Read the Blog in Full

Read the Blog in full

Read the Blog in full
READ THE BLOG IN FULL

Monday, February 6, 2012

Hey! You! Get Out of My Way! Part 6 Back in Albany New York


Time passes quickly at the group home in the Independent Living Wing. Jonathan is sad and tragic and reminds me of a little bug that got sprayed with Raid. He sort of flounders through life on his back and I’m never sure if he’s breathing.

One unnerving habit he has is his nighttime routine of sleepwalking. Every night like clockwork I find him standing next to my bed staring at me. The first through the tenth time it happened it scared the living shit out of me. It’s no less scary now but I’m more used to it.

Being in Independent Living means that they will start helping me to become more independent and finally live on my own. That’s the main plan. I receive a weekly check that is to be used to buy groceries and cigarettes. Well, they never said cigarettes but I assumed.

I have helped Jonathan a lot in the past couple of weeks. I see it as tough love but really I got sick of the filth and the smell. I made him finally clean up his shit and take daily showers. Showers that I time him in, twenty minutes is the minimum he has to stay in there. After the first time he showered, he was just as dirty coming out as going in. I realized that he was just standing in there nowhere near the water, waiting me out. So I put him back in and for the next several showers, I scrubbed him.

It’s clear and a little sad to me that no one ever taught him the importance of this. The first day I watched in horror when he removed his clothes to get ready for bed. His white underpants were a color I have never seen in nature before. He liked to go to bed at around 7:30pm.

After closing my eyes and asking God to take my life while I was sleeping I dozed off. Several hours later when I woke up, Jonathan was standing by my bed staring at me. After screaming “What the fuck?” and jumping up to defend myself I realized that he was sound asleep.

It was the fact that God didn’t kill me in my sleep and how much Jonathan broke my heart when I just looked at him that made me really want to try to help him out.

I spent a lot of days trying to get a job. That was one of the “laws” that I had to follow living at Parsons Group Home. I was supposed to get a job. Can I tell you how hard it is to get a job when you live at a group home? I had one set of clothes and no skills.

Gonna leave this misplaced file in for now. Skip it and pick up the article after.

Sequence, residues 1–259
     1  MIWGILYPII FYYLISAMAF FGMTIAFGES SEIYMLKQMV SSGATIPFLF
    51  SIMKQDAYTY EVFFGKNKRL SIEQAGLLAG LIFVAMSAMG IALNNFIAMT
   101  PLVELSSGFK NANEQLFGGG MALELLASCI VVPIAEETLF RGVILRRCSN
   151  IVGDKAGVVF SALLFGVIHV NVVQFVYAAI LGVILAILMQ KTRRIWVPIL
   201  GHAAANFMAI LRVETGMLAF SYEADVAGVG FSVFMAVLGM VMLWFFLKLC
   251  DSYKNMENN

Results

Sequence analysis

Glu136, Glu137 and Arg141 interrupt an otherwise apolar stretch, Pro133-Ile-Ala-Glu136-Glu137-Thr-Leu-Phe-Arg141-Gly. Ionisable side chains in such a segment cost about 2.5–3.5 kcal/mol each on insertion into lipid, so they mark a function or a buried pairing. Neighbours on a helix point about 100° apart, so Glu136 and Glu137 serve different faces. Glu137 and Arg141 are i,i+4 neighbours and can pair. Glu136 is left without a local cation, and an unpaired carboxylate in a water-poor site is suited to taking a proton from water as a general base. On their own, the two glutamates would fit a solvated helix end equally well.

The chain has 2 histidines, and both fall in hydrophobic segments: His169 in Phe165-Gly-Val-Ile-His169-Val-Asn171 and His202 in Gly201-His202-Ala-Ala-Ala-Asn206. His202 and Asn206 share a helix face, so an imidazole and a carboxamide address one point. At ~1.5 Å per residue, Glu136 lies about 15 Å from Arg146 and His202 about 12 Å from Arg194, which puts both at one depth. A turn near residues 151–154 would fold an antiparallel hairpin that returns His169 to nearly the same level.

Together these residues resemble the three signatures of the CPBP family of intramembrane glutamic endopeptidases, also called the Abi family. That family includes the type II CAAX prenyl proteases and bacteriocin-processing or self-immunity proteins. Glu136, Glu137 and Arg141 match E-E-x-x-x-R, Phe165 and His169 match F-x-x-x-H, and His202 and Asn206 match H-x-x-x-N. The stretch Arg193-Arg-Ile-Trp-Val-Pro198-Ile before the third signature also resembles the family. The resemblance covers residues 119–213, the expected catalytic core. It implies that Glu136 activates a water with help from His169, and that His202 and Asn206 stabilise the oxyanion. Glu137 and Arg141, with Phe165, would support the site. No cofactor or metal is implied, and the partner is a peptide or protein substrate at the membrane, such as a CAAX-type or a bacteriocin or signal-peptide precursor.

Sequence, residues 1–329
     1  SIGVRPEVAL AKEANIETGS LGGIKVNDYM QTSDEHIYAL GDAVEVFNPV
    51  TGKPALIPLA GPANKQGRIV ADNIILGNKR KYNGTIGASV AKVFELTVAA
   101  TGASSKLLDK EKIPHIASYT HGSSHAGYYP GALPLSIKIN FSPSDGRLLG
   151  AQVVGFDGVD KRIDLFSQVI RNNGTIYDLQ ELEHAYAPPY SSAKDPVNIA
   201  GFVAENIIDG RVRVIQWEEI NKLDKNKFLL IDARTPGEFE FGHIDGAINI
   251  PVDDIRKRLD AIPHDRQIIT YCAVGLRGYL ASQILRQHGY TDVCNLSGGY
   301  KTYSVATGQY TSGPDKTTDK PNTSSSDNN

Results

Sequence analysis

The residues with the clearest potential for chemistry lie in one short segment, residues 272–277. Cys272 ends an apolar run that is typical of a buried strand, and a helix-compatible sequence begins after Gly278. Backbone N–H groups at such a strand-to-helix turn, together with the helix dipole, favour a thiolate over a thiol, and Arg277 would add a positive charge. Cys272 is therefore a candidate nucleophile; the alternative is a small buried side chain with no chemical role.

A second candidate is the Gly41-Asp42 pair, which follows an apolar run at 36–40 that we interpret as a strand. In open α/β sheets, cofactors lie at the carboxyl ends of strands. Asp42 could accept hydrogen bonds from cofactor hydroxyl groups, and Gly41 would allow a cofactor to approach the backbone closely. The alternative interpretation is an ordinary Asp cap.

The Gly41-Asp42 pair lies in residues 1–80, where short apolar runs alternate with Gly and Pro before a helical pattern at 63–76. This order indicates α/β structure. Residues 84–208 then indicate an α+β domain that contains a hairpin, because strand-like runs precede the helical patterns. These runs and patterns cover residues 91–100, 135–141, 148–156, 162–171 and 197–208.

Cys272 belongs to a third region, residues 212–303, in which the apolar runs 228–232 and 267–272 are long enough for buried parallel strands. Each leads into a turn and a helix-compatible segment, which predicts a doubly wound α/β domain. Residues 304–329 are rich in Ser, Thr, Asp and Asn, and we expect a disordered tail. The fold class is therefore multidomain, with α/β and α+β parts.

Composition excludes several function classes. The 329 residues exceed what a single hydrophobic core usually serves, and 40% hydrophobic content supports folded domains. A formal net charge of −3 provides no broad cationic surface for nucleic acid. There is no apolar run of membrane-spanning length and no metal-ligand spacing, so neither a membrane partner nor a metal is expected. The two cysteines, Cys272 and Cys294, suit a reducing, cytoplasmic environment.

The only job I could get was at McDonalds. The first two weeks I was in a tiny room near the fryers watching training videos. My money was wearing down and I was forced to wait for a paycheck. By the third week I got to work on the floor sweeping and mopping. I was so hungry that when I would take out the garbage I would hide by the dumpster and eat out of the bags. 

I could tell by the looks I got returning into the store that everyone knew what I was doing. They also had a video camera above the dumpster, so everyone had seen what I did on the little monitors in the back of the store. I was humiliated and starving. No one would speak to me.

After I was fired for being caught eating out of the dumpster for the third time I was also told that I needed to return to school. I was told that his time I would be going to Albany High but I was terrified to even enter the building. The first day I stood outside and walked home after the first bell rang.
Every day at 4pm I would sit in the bathroom and press my ear to the door that separated me from the group home. I could hear the kids talking to each other. We were also under strict orders to never talk to anyone that we saw who lived in the group home.

I was so alone and had no one that I could talk to. One day while I was sitting in the bathroom, I reached out at 4:05 and opened the door.

To be continued………

 Geoffrey Doig-Marx holds all written and electronic rights to his writing "A Day in the Life". It can not be reprinted in part or whole without his written consent.

No comments:

Post a Comment

BLOG IN FULL ORDER

BLOG IN FULL ORDER
BLOG IN FULL ORDER

Translate